Once an article draft is complete and the story is ready to be published, the words need to be produced into an eye-catching webpage. That's where images become really important. Whether you're working with Massive or on your own blog, here's our guide on using images effectively (and legally) to get your message across.
The images that go with your story are incredibly important. Here are some tips on image rights that may be helpful for your drafts or for your other science communication projects. At Massive, we try to only use Public Domain and Creative Commons images, with a few exceptions.
- Images in the Public Domain are available to freely use.
- Images with a CC-BY license can be used as long as they are attributed.
- Images under stricter copyright (or unspecified rights) require the author’s permission before publishing.
- If you know a science artist or scientist with publicly-posted images, you can ask them for permission to use their images. For example, we used one of Samantha Yammine's Instagram posts, with permission and attribution.
These guidelines generally mean that figures from papers are off-limits unless the paper is open access and the license allows commercial use.
It can be particularly difficult to find images of specific organisms or species. If you have access to high-quality images of the species you are writing about, please let us know.
Finding free images
Here are some sources for general stock images, including archival images:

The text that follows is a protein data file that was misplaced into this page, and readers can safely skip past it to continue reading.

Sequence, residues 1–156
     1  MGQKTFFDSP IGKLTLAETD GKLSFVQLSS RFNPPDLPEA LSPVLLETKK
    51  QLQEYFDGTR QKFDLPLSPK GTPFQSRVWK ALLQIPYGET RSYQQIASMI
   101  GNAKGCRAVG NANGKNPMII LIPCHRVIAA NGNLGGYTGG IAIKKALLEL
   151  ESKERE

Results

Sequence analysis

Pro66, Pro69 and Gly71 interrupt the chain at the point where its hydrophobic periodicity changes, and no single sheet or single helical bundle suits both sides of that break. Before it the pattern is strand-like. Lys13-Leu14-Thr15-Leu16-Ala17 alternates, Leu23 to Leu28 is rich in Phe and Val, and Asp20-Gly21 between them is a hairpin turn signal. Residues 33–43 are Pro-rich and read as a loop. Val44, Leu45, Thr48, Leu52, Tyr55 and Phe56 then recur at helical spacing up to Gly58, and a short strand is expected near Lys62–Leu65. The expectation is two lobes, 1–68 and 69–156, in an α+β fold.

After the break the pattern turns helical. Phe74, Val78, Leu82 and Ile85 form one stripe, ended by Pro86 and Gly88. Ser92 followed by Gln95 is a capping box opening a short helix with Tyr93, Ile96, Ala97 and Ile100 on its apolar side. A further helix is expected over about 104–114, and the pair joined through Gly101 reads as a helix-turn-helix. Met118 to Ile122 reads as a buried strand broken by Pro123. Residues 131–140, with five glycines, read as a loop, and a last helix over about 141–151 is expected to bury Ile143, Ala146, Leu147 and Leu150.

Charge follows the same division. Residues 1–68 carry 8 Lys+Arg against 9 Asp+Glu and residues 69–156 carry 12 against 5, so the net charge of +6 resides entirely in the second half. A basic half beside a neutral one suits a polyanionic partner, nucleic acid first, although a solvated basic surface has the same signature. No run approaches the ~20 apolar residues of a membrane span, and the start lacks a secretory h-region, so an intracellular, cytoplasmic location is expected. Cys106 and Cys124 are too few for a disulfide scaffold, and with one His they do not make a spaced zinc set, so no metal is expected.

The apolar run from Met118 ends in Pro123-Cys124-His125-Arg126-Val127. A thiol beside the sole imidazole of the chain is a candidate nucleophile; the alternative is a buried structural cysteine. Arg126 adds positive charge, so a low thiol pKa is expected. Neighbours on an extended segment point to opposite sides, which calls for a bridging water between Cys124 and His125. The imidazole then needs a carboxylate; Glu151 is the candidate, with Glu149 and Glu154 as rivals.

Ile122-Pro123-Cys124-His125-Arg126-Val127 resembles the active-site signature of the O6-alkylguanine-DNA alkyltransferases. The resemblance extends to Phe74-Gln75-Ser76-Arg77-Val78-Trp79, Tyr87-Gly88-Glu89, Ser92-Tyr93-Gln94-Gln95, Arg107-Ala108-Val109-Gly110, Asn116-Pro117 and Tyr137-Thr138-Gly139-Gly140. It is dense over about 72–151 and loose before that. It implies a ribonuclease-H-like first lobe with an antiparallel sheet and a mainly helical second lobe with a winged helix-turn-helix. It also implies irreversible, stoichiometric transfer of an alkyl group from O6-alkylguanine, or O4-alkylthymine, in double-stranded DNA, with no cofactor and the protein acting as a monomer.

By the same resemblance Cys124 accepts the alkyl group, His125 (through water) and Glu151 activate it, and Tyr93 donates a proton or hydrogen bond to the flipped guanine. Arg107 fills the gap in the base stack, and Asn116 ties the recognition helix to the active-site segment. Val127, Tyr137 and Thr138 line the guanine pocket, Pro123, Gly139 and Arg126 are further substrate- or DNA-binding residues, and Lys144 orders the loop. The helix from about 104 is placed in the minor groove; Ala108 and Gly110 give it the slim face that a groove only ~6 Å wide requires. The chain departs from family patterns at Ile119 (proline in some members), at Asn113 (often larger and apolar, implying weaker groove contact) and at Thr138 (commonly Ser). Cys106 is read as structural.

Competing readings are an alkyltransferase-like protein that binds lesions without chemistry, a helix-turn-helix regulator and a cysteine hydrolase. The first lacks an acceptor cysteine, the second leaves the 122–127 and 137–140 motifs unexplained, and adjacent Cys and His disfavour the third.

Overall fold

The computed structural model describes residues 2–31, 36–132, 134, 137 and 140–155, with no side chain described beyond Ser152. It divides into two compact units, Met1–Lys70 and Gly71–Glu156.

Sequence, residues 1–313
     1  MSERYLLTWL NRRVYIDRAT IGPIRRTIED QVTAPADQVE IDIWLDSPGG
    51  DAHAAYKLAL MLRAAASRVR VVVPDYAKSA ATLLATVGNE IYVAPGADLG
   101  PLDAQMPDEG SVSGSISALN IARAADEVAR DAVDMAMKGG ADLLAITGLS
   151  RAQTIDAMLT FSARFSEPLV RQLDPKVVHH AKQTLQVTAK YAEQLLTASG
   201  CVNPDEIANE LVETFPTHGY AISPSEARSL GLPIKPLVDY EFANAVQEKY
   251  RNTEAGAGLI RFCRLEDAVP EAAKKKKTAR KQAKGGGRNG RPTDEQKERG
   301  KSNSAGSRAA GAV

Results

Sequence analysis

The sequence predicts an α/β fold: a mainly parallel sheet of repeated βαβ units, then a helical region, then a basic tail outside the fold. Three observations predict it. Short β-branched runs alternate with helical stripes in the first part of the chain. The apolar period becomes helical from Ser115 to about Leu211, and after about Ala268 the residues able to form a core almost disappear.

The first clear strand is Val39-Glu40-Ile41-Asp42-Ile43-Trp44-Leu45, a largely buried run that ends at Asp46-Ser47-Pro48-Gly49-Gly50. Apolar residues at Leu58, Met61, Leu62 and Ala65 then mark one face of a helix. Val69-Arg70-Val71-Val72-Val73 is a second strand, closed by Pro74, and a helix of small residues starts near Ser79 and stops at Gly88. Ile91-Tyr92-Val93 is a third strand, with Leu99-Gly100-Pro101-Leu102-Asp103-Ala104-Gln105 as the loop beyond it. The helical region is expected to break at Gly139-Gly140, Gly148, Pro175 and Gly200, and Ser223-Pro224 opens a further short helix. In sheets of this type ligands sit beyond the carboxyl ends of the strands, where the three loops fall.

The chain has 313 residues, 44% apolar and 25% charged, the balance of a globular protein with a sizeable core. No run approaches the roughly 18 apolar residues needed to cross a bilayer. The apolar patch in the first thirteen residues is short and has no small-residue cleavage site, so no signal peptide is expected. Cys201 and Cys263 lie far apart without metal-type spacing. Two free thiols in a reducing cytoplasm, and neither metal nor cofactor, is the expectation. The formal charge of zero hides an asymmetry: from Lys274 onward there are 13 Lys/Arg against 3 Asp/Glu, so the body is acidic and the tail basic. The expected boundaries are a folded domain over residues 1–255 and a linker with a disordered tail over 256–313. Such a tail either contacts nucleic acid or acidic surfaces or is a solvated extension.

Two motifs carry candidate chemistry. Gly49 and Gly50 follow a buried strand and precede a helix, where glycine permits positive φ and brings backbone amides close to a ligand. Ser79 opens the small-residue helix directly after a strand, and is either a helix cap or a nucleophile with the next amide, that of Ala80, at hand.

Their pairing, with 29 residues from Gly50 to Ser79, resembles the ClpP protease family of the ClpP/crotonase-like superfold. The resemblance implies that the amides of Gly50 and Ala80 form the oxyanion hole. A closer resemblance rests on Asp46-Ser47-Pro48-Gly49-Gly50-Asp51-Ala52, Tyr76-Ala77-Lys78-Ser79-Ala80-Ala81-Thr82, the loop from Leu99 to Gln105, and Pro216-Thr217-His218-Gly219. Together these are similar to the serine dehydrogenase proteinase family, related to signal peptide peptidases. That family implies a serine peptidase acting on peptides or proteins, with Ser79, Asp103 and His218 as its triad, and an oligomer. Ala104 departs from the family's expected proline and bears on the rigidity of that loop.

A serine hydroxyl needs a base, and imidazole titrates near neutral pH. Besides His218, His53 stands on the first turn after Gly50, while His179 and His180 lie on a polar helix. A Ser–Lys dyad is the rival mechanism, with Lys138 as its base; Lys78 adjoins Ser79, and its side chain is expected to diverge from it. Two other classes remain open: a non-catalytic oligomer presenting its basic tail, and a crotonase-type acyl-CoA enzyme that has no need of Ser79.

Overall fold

- Google Arts & Culture
- Metropolitan Museum of Art
- Wikimedia Commons
- Flickr Commons
If you enjoy photography or have a lot of images related to scientific topics, you can also upload your photos to several of the sites above in order to make them available to others.
It's important that we try to reflect the diversity of our writers and readers in our image choices, but many stock images only feature white people. If you find that images in your search results are looking very homogenous, here are a few sources for free, high-quality images of people of color (and other minority groups). Remember, you can use these sources any time -- not just when you're working on a story that specifically focuses on an underrepresented group.
- WOCintechchat stock images (women of color in business and tech settings)
- Pexels with specific search terms (for example, here are the results for "black woman phone" or "hijab")
- Nappy (stock photos of people of color with categories)
- Jopwell intern edition (business, young people of color)
- Burst (wide variety)
- The Gender Spectrum Collection (images of trans/non-binary models)
- AllGo collection (images of plus-size people)
- Immunizations gallery (medical/vaccine-focused with diverse models)
If you have a budget for images, you will have even more options! These are just a few of the free sources we have found.
Suggesting images for publication
It's really helpful when you suggest images for your Lab Notes and Articles, but remember that Massive staff has the final say on images, similar to our stance on headlines and other editorial decisions. If you have specific images of the obscure species you're writing about, that's even better.
Take this guide home
Interested in learning more about using images in science stories? Fill out this form to access a free PDF with more info.